However, despite clues pointing in this direction, we found nothing useful.

A very helpful site allowed us to test possible arrangements of letters to see if we could generate the first word in the message, which we suspected might be “Martin”.  The messages are sent between fictitious characters called Harry, Charlie, Martin, Trinity and Jamelia. We all thought it was time for a letter to be addressed to Martin.  Using a crib like this was one of the ways that the enigma cipher was broken during the second world war. Assuming the keyword did not contain z, y, x or other infrequent letters towards the end of the alphabet, then we knew that these would appear in the bottom row of our keysquare. We also tried to make one of the most common groups of 4 letters SOQR in the message decrypt to give either ‘tion’ or ‘ther’ or similar.

A post on the forum on Thursday 8th gave us hope that it was solvable – the poster urged everyone to think deep and hope for a “lightbulb moment” as he himself had had, and which had enabled him to solve the puzzle.  Cipher Club on Friday lunchtime was spent brainstorming what we could have missed in the clues along the way.

The lightbulb moment came when we discarded all thoughts about Edgar Allan Poe and old detective stories (which we knew the fictional Martin loved), and instead turned our attention to the science behind the story – the weaponisation of gravitational waves.  As those of you who follow the scientific news, gravitational waves (which were proposed in 1916 by Albert Einstein) were first detected as distortions in the space time by a lab within the California Institute of Technology on September 14, 2015.  So as not to spoil the fun of anyone who wishes to follow the Cipher Guild and the Priory Decoders in their decryption quests, I will not publish the key word here.  But this allowed us to piece together the remaining parts of the puzzle and find out what Martin was trying to tell his team in the message.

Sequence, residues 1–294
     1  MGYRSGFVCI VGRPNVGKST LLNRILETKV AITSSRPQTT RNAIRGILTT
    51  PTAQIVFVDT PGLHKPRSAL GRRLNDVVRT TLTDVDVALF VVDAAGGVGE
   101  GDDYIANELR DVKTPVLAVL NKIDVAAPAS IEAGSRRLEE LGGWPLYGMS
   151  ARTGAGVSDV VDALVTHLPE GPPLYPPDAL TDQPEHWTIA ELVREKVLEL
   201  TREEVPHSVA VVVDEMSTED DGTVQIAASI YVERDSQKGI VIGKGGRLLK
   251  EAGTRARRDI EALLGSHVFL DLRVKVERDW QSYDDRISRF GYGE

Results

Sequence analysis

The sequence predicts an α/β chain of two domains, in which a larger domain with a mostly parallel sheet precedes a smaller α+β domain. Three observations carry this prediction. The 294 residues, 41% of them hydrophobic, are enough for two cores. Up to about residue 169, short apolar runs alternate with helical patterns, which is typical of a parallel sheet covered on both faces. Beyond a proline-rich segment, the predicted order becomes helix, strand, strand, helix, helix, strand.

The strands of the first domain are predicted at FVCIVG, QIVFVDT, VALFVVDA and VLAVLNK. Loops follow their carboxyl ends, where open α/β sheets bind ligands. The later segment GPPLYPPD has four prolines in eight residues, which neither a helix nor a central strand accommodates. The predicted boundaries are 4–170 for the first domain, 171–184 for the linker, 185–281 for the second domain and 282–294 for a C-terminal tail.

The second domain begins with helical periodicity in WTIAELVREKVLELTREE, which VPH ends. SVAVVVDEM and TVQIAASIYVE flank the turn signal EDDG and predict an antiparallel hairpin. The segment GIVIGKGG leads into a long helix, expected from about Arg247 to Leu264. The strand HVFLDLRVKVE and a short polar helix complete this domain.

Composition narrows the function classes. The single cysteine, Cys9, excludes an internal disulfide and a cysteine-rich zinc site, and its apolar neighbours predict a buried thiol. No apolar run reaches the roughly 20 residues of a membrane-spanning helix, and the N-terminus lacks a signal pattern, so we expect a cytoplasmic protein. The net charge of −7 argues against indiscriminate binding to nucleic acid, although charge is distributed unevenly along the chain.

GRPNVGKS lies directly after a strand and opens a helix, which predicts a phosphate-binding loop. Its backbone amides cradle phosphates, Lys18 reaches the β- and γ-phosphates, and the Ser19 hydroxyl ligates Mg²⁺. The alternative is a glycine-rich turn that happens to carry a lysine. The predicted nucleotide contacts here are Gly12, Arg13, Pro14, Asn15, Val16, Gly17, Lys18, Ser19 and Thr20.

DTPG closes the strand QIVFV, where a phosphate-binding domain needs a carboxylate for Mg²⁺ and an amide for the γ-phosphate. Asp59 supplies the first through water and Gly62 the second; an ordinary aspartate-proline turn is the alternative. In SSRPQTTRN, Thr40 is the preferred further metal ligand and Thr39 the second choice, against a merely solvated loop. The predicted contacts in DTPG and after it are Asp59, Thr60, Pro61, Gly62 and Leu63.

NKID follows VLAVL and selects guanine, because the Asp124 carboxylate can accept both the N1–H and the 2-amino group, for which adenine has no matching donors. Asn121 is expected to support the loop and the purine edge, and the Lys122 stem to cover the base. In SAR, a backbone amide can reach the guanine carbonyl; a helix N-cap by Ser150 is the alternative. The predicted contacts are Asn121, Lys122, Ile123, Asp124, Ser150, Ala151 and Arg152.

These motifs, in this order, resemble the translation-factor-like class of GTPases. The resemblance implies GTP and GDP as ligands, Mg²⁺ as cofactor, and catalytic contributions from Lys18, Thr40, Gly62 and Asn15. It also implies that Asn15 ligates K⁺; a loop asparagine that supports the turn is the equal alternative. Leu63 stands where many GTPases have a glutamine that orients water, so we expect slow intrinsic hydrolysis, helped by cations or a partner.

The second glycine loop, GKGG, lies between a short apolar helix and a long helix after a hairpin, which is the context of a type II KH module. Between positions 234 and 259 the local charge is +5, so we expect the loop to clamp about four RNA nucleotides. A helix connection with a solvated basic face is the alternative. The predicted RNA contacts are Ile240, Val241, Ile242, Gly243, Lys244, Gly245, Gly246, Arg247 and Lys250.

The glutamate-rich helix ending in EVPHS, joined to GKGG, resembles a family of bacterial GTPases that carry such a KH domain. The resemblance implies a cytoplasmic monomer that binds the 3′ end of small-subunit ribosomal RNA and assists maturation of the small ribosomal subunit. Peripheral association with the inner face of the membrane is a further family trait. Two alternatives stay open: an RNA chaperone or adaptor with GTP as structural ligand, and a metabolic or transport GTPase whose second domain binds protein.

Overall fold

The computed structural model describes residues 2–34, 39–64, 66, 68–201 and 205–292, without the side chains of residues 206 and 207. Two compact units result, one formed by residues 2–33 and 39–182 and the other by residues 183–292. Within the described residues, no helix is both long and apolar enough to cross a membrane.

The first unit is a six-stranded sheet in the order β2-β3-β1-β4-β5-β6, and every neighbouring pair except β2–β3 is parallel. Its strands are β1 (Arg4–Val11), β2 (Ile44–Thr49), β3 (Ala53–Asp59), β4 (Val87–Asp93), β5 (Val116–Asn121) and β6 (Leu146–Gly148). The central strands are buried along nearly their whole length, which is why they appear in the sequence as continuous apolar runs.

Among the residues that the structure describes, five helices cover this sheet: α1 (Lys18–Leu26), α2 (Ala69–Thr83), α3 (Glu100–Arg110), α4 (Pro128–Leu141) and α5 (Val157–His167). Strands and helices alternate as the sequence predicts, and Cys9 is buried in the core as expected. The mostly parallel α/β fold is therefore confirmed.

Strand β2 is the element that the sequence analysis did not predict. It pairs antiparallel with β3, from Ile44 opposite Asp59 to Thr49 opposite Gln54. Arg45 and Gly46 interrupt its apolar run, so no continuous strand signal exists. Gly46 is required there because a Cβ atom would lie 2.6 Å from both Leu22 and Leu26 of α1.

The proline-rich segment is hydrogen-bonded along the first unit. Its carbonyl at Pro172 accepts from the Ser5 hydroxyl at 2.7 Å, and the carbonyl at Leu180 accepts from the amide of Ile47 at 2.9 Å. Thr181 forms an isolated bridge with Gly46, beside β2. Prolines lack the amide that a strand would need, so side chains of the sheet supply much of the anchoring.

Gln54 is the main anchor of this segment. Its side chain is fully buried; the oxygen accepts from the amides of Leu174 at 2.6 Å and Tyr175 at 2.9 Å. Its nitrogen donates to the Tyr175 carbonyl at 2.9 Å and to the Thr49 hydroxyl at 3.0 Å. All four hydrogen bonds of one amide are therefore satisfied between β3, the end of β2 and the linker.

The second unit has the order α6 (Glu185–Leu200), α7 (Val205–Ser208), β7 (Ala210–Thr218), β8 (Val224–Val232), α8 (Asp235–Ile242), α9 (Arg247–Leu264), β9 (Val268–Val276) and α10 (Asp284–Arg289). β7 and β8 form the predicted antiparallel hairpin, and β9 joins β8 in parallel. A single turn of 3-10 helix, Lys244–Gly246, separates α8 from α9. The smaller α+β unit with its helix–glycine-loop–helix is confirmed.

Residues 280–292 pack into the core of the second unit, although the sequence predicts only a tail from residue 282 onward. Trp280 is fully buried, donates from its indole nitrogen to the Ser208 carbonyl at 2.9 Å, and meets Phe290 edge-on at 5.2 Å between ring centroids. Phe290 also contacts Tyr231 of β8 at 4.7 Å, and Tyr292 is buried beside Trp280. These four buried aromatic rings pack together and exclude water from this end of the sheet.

And so we turn our attentions to next week and the final challenges, 8A and 8B, which are traditionally so hard that the final deadline is extended into January.   We know that one of them will be a Hill cipher.  A Hill cipher involves matrix multiplication of letters turned into numerical values, using modulo 26, which some of the team members studied last year in Cipher Club.  As always it is far, far easier to encrypt than to decrypt!

To find the decryption matrix:

  1. Find the determinant d of the encryption matrix

The determinant d of matrix  ()   is −

  1. Find the multiplicative inverse d-1 of the determinant working modulo 26.  In other words d d-1 = 1 mod 26
  2. Find the adjugate matrix adj

adj () = (−−)

Multiply the multiplicative inverse of the determinant by the adjugate matrix to get the decryption matrix.  Apply this to the encoded message to work out the original!

Budding mathematicians who are interested in working for GCHQ can try the GCHQ Mathematics Aptitude Test here:

And for anyone who hasn’t sent off their Christmas list to Santa Claus yet, there is the wonderful GCHQ Puzzle Book, which was published in October.’


Categories: Senior Whole School